‘Freedom Day’ comes with a whimper as mixed messages and fears of new wave of Covid dampen celebrations

IIt was meant to be a triumphant expression of England’s success in winning over Covid-19. Boris Johnson reportedly planned for a “Churchillian” victory speech to be delivered at a historic location on what has been dubbed “Freedom Day.”

As it turned out, the end of the restrictions imposed by law in England came with more of a whimper than a flowering of war rhetoric.

An alarming increase in hospitalizations has forced the government to tone down its message considerably. The Prime Minister also faced the embarrassing inconvenience of having to self-isolate after Health Secretary Sajid Javid fell with the virus, all of which took the sparkle of the festive mood as the country was choking in a sticky 30 degree air.

These concerns were far from the minds of clubbers on dance floors across the country who were the first to adopt ending restrictions as midnight struck Sunday.

Hungry for the special kind of hedonistic release that only nightclubs can deliver, revelers partied the night away after standing in line for hours in some cases. At London’s Heaven nightclub, balloons rained on an ecstatic crowd as a new era was – hopefully – greeted.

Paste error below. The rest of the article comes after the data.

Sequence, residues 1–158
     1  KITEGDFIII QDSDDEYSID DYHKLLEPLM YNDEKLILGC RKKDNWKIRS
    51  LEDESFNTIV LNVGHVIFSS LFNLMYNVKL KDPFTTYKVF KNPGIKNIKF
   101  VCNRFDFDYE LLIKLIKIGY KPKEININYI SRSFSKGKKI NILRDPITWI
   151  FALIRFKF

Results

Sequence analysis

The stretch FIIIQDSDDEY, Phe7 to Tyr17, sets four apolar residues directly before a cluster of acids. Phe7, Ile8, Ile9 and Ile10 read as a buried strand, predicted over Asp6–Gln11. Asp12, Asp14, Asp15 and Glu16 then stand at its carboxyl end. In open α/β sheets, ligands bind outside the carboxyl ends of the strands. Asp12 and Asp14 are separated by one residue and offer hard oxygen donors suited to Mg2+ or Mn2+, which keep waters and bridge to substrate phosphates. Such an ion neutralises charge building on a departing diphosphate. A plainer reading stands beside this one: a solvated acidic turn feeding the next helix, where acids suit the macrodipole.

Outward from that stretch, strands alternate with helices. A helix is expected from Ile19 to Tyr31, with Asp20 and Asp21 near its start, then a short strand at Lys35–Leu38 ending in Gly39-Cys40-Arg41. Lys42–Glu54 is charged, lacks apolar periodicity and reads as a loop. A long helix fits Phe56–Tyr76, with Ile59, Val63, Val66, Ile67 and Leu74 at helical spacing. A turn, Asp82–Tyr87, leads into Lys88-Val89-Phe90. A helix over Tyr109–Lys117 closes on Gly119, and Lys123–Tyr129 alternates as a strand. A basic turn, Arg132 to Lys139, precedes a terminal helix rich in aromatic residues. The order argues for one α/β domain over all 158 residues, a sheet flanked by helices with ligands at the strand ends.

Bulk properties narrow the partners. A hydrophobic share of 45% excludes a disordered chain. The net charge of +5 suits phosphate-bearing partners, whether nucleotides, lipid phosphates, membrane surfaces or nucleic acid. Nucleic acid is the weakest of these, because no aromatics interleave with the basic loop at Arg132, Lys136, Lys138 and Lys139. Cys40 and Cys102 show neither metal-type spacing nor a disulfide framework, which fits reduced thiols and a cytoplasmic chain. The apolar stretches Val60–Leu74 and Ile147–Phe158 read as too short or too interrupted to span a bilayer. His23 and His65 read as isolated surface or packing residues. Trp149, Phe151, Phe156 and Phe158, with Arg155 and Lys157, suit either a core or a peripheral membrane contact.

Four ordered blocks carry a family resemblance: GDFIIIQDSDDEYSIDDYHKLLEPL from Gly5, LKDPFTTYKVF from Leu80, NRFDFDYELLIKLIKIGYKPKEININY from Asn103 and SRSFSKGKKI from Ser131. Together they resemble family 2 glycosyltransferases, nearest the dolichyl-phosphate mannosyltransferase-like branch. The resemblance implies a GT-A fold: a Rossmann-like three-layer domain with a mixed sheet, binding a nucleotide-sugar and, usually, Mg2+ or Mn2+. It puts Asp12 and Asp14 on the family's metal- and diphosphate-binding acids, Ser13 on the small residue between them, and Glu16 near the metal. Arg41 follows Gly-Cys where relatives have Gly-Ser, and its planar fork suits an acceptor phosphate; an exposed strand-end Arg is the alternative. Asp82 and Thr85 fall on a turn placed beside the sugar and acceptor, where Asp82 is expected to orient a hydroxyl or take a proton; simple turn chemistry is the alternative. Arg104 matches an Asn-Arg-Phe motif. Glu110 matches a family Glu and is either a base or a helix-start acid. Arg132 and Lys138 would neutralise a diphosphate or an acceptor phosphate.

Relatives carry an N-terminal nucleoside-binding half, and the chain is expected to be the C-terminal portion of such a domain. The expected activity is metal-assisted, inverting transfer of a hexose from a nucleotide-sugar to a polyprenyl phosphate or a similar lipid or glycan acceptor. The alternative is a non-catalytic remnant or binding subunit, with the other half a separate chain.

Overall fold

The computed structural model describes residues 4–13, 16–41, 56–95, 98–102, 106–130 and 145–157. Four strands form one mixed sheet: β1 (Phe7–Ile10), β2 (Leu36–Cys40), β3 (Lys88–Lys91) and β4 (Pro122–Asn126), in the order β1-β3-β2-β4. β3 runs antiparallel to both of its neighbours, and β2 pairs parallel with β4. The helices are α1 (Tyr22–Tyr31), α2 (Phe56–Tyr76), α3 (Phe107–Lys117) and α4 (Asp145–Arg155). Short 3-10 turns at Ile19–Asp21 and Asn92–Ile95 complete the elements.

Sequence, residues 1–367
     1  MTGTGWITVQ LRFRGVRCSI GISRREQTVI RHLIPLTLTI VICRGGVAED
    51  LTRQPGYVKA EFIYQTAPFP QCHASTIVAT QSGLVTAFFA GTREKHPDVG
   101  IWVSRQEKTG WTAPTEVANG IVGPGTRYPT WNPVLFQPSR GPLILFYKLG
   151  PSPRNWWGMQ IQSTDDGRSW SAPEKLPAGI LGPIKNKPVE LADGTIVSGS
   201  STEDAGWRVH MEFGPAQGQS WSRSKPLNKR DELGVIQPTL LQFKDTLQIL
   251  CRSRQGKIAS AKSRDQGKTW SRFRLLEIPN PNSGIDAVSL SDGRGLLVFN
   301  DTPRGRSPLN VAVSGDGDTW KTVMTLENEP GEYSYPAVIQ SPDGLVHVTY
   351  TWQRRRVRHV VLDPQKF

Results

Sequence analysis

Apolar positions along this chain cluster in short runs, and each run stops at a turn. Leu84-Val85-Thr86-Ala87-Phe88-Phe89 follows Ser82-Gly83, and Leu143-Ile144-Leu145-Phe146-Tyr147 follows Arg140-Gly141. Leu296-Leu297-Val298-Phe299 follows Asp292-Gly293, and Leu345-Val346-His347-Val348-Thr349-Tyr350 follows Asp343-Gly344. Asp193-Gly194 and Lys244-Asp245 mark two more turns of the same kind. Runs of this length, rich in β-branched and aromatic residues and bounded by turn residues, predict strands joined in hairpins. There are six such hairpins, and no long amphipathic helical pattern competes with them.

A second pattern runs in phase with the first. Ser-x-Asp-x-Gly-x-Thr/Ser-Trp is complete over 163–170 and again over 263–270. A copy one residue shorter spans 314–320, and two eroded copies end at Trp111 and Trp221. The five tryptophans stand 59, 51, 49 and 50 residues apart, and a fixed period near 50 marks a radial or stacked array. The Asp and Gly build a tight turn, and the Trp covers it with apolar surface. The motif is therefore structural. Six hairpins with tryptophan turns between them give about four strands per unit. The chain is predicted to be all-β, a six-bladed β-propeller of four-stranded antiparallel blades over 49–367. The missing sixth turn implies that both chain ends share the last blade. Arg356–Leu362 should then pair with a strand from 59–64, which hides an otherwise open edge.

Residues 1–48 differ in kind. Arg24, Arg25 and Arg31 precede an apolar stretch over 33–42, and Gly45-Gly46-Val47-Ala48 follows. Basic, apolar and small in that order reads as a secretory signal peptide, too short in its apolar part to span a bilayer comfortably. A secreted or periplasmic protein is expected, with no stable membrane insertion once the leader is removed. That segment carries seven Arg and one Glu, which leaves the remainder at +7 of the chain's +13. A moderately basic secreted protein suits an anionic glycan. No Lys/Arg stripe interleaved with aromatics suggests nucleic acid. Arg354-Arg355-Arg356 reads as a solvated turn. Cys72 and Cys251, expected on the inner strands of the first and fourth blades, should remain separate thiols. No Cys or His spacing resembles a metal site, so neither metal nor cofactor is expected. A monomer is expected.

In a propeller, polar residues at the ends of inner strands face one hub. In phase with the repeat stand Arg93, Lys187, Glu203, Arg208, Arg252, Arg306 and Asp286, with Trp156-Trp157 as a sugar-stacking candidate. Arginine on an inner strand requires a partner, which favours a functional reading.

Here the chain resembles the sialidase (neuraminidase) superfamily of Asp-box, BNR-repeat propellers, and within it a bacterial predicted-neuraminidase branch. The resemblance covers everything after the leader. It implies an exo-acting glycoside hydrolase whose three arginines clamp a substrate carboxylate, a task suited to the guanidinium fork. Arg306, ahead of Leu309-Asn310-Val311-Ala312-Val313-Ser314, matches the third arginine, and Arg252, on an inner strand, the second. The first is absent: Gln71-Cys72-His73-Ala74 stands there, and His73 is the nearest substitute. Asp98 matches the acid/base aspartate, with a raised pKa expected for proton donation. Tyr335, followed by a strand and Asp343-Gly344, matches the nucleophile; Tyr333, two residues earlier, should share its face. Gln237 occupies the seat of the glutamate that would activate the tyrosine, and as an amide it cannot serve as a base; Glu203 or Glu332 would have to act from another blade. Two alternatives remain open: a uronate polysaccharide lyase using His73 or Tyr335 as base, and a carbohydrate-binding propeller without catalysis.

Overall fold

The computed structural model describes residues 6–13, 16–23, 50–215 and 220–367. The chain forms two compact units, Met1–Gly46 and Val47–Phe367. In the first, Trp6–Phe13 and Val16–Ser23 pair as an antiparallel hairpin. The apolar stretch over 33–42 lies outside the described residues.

“It was extremely moving to see clubs and venues reopen, with people dancing and listening to music until the early hours of the morning,” said Michael Kill, CEO of the Night-time Industries Association.

People felt safe entering clubs for the first time in 17 months, he said, but he warned that the July 19 reopening was only the first step on a long road back towards the financial viability of an industry decimated by the pandemic and grappling with huge debts.

“In many ways, relief has come from the end of uncertainty,” Kill said. “But it is difficult to shake the lingering concern over a winter wave with further restrictions from October and nightclubs being the scapegoat.”

His words would later prove to be premonitory.

Scientists had already warned before Monday’s reopening that the congregation of thousands of people, many not yet vaccinated, in nightclubs risked creating a wave of new “superspreaders” events.

Far from the blur of restless limbs and dancing bodies on English dance floors, statisticians were releasing cold and harsh data showing just how badly the UK hotel industry is.